MATERIALS AND METHODS

Mouse experiments

All experimental procedures involving mice were conducted according to the National Institutes of Health Animal Research Advisory Committee (ARAC) guidelines, based on the guidelines of the Association for Assessment and Accreditation of Laboratory Animal Care International (AAALAC). The Institutional Animal Care and Use Committee of the Hebrew University of Jerusalem approved the study protocol (MD-12-13383-4), in which 129-SIRT1tm1Mcby mice (RIKEN BioResource Center) were bred with CD1 mice, and SIRT1 heterozygote mice were then inbred to generate WT SIRT1 mice. The mice were allowed to reach the age of either 3 or 16 months under a 12-h light/dark cycle and with food and water provided ad libitum. Both male and female mice were killed by cervical dislocation following ketamine or xylazine anesthesia (200 mg/kg).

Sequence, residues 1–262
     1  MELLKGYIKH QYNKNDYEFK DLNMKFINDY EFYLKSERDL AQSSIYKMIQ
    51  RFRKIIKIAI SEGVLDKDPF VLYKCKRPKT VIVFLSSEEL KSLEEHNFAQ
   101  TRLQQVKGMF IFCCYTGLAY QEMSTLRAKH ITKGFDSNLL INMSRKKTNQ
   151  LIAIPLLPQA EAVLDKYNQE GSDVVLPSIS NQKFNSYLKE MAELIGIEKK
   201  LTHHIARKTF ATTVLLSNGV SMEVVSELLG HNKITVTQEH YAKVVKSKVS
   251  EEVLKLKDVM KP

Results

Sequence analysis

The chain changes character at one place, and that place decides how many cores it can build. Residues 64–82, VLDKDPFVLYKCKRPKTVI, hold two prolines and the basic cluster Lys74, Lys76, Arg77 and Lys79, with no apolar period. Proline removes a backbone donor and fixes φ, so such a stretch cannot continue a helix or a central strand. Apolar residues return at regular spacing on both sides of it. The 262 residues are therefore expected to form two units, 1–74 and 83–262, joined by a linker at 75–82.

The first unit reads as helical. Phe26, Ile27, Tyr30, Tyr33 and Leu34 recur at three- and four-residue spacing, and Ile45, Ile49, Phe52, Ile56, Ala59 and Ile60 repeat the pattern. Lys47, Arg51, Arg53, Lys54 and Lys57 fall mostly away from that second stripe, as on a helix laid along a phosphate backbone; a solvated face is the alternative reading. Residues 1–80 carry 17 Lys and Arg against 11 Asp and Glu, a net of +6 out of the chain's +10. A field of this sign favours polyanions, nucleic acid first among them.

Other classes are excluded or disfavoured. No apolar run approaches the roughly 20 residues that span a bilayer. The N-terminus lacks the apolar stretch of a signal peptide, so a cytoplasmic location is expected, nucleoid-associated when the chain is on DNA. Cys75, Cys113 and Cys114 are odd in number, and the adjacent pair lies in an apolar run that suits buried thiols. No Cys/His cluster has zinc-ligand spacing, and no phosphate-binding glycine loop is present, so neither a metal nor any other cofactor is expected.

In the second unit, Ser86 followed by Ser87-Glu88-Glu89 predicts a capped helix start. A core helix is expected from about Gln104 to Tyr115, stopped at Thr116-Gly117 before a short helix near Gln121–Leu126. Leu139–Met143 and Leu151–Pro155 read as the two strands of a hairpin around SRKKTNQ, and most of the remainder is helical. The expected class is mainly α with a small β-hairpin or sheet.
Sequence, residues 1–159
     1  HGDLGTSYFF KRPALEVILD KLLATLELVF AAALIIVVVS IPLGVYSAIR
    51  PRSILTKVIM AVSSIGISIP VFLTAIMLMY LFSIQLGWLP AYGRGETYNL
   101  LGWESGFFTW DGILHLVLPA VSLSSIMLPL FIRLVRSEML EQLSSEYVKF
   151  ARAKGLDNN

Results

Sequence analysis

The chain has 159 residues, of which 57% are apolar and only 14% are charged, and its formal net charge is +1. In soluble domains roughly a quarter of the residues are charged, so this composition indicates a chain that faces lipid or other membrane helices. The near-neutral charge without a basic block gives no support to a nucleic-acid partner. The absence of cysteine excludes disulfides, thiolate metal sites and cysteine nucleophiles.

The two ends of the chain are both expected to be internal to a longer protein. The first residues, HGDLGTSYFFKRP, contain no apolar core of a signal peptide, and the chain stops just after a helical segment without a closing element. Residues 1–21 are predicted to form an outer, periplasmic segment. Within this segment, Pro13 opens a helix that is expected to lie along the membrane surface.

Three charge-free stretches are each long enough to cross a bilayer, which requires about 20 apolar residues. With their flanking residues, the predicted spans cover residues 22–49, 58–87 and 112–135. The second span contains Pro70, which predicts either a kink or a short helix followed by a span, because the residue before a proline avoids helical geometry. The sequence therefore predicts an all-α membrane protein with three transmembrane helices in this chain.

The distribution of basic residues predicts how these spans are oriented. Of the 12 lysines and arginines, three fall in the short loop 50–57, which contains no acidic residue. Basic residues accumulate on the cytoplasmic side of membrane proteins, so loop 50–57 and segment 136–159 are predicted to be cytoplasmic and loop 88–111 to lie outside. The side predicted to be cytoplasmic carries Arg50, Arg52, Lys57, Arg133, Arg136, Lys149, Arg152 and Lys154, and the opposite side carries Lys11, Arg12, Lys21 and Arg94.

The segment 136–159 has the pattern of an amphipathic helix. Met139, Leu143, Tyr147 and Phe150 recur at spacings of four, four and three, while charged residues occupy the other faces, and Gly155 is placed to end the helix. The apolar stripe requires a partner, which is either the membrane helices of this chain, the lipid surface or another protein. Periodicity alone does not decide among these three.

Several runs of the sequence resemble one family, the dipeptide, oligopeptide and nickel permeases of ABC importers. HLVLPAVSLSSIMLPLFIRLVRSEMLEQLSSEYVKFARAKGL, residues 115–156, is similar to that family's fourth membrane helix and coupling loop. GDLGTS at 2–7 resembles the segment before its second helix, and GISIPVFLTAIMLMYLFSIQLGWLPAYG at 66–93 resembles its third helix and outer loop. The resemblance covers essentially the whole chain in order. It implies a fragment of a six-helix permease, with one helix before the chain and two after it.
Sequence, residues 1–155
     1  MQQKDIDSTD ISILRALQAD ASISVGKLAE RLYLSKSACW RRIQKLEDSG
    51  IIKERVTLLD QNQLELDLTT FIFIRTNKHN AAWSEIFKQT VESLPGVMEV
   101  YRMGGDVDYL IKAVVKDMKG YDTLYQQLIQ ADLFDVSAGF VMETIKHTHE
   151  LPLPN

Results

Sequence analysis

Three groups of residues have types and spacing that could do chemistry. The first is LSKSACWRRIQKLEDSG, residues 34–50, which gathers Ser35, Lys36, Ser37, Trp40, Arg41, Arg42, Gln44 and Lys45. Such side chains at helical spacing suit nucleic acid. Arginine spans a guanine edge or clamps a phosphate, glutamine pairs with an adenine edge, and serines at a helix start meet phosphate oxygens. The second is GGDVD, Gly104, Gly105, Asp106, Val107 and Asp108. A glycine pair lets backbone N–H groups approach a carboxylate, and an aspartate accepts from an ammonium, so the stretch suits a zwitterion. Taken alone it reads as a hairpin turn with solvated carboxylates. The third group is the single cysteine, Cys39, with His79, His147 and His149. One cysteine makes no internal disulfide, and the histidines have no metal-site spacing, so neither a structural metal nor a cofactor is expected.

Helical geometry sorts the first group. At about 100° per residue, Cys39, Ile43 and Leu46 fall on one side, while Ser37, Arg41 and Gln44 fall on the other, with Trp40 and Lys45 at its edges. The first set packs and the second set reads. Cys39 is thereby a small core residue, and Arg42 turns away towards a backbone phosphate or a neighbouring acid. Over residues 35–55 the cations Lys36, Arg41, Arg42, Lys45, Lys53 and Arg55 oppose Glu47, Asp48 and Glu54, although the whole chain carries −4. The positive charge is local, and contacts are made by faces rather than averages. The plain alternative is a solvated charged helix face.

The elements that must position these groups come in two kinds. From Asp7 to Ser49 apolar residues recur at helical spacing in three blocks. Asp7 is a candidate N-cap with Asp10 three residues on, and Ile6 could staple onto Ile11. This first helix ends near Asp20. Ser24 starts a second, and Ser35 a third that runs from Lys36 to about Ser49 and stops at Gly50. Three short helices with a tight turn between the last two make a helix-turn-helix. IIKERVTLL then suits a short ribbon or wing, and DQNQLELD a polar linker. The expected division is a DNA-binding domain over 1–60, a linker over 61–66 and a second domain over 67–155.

Cell cultures and transfections

HEK293 and HeLa cells were cultured in Dulbecco's modified Eagle medium (Sigma-Aldrich) containing 10% fetal calf serum (FCS) and 2% penicillin-streptomycin (Biological Industries Beit-HaEmek). A Polyjet transfection reagent (SignaGen Laboratories) was used according to the manufacturer's instructions. To induce pro-inflammatory stimuli, the growth medium was replaced and incubated for 24 h with a defined Bio-MPM-1 medium (05-060-1A, Kibbutz Beit-HaEmek) supplemented with TNFα (50 ng/ml; PeproTech Asia). To inhibit cathepsin activity, cells were pretreated with the pan-cathepsin inhibitor GB111-NH2 (2 µM for 24 h), a kind gift from Dr Galia Blum (School of Pharmacy, Hebrew University of Jerusalem, Jerusalem, Israel). Alternatively, to selectively inhibit cathepsin B, cells were treated with a final concentration of 2 µM CA-074me for 24 h (A2S Technologies). Cell extracts were analyzed for caspase activity using the colorimetric Caspase 9 Assay Kit (ab65608, Abcam), following the manufacturer's instructions.